Another example is dropdown menus... as 'cool' as javascripted animations might seem at first glance, the fact is it just gets in the way of the user getting to the options, and it's a mess of code for something that CSS can again do without any scripting assistance. (or at most a bit of scripting assist for IE6/lower). This is made all the worse by most scripted menus (much like their flash counterparts) are an accessibility train wreck when scripting is unavailable -- be it from device capabilities or from intentionally having it blocked.

... and a LOT of users are intentionally blocking scripts, see the popular 'noscript' plugin or Opera's in-built per-page script blocking.

There are a great number of things that people seem to throw javascript at that CSS or even just HTML on it's own can accomplish, making such code nothing more than pointless bloat.

3.5 Static scripts inlined in the markup

If a script is the same on every page of your site, putting it in the markup means it has to be transmitted every time you access a page -- even the same page if the contents are updated frequently (like on a forum index). Putting it into an external file allows it to be cached across page loads reducing the bandwidth and loading faster overall, even if it does introduce a minor delay during first-load. Usually that first-load penalty is better addressed by NOT using a dozen separate script files, a dozen separate CSS files, or dozens and dozens of images to do the job of a fraction that.

3.6 Tracking Scripts

The past five to six years really people have become ridiculously obsessed with tracking information. Much like the nonsense spewed forth by SEO scam artists, it often ends up the equivalent of pouring shellac over a pile. No matter how much you polish it...

The biggest problem comes about when people start running MULTIPLE tracking scripts -- I've seen several times now people who go "why does my site load so slow" when the problem was that they were running three, four or even five different tracking packages. What makes that truly laughable is that the majority of information these tracking systems provide should already be available from tools that go through your server logs. That's why I don't run JavaScript based tracking packages and do not advise others to waste their time doing so.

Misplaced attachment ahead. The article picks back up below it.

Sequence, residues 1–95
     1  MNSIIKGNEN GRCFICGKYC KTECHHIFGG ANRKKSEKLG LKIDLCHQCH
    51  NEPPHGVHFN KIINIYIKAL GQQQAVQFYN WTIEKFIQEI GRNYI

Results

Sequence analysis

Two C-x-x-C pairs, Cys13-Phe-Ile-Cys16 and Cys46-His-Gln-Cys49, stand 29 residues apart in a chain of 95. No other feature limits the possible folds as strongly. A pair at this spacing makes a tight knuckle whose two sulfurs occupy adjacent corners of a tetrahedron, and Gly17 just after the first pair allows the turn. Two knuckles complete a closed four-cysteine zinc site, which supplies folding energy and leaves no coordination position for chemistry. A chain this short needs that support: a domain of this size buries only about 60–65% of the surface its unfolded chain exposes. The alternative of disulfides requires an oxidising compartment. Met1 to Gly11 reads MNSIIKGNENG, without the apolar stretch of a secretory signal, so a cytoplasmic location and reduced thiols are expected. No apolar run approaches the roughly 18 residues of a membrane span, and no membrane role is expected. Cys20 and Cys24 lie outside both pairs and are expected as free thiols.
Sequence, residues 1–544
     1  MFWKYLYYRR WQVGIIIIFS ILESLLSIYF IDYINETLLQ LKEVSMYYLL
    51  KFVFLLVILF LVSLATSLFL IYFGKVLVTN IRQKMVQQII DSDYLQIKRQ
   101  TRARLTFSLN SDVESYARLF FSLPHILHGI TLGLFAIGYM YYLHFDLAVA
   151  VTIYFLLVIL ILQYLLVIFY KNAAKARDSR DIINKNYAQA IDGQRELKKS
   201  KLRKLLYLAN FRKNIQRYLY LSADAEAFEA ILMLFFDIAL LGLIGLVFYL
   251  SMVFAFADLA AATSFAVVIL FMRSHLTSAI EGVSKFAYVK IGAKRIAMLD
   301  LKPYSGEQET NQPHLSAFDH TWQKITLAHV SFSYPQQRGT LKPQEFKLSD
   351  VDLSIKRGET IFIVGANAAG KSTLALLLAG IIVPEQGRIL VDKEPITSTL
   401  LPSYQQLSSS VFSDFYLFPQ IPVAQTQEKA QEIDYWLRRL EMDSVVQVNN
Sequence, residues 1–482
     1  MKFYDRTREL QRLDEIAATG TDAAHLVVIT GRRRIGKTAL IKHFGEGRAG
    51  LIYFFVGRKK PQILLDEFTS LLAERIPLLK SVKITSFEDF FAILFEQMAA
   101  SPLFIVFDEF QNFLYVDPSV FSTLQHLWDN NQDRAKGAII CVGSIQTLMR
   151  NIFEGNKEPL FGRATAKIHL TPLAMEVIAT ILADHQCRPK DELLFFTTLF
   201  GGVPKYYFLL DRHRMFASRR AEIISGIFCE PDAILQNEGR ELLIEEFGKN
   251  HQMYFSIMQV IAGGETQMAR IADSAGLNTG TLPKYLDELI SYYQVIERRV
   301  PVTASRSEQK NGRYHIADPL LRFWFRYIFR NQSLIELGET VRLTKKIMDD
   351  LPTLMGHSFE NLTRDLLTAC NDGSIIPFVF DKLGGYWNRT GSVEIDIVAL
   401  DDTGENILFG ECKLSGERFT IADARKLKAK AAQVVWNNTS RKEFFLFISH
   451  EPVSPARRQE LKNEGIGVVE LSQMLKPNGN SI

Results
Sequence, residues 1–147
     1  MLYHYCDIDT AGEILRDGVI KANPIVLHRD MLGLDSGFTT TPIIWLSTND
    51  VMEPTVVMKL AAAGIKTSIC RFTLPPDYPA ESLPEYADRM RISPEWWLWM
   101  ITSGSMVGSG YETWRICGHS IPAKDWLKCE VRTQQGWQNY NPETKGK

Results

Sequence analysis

If you REALLY want more information, use just ONE -- probably Google Analytics -- but to be frank, if you are worrying about more information than can be gleaned from log analysis tools like Webalizer or Analog, you're probably wasting time worrying about data that has NOTHING to do with the health of your website... and that's time better spent making unique content of value so there's a REASON for people to visit.

3.7 Supplanting form functionality

This is the biggest no-no you'll find, and you see people doing it all the time. There is RARELY any legitimate excuse for a form to not function when javascript is disabled. Done properly for things like forms or even navigation, javascript should enhance your functionality, NOT replace it! If you have become so reliant on javascript that your forms don't work without it, you've probably also not built them all that securely with the proper checks server side. Make it work without scripting FIRST, then decide if you want to add any scripted "gee ain't it neat" stuff on top of it.

Vary from that and you're pissing away any chance of accessibility, probably opening security holes if you're not paying enough attention to server side handling, and possibly making it take MORE bandwidth (despite wild claims to the contrary made by script-tards) as you spend more bandwidth sending the extra code than you would if the form was built properly and clearly labeled.


Now keep in mind I'm NOT saying don't use javascript -- but like most of the things you can add to a website it should be used with an eyedropper, not a firehose. Don't use it for nothing, don't use it just to be 'flashy and cool', and don't use it to replace functionality you can provide without it... You'd think that would be common sense, but apparently it isn't.


  • elementals.js
    A lightweight JavaScript library focusing on cross browser support, ECMAScript polyfills, and DOM manipulation.
  • eFlipper.js
    An image carousel script using elementals.js
  • eProgress.js
    A JavaScript controllable progress bar using elementals.js. Based on the nProgress project that relies on the much heavier jQuery library.


Browse code samples of people I've helped on various forums. These code snippets, images, and full rewrites of websites date back a decade or more, and are organized by the forum username of who I was helping. You'll find all sorts of oddball bits and pieces in here. You find any of it useful, go ahead, pick up the ball, and run with it.